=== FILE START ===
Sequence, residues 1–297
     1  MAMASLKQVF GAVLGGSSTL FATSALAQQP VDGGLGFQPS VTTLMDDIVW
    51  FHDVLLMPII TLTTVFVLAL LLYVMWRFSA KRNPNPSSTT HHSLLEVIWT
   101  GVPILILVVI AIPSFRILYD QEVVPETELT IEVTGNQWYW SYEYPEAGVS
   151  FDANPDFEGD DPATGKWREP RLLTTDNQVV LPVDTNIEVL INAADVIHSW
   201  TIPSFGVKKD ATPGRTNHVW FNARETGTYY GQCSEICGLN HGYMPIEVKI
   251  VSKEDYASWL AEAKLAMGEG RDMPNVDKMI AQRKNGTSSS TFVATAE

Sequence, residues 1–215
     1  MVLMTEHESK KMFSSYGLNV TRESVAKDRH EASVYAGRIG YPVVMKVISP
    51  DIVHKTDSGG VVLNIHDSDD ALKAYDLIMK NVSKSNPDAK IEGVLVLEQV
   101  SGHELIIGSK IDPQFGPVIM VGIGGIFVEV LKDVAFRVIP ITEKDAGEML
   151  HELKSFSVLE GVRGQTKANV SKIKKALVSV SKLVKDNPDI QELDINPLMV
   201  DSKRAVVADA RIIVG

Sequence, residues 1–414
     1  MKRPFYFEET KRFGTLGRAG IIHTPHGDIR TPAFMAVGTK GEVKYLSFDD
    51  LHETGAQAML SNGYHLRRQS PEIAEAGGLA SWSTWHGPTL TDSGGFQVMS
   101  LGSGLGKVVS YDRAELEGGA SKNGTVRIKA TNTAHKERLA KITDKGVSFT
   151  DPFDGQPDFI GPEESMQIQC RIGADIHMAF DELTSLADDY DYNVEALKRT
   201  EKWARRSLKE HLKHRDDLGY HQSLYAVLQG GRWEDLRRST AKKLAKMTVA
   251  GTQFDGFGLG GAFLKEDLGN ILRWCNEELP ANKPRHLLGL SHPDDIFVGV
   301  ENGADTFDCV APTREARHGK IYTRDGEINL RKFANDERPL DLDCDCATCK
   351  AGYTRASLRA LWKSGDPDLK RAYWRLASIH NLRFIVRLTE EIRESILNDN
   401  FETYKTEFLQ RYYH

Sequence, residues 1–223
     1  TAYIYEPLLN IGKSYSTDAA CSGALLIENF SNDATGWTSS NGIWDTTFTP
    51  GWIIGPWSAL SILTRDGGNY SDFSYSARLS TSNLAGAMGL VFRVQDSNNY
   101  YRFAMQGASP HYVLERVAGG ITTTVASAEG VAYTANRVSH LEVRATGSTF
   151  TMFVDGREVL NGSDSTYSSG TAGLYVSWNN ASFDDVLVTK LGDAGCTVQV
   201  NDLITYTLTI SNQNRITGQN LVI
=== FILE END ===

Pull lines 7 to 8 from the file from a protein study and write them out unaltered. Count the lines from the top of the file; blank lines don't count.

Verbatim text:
   251  VSKEDYASWL AEAKLAMGEG RDMPNVDKMI AQRKNGTSSS TFVATAE

Sequence, residues 1–215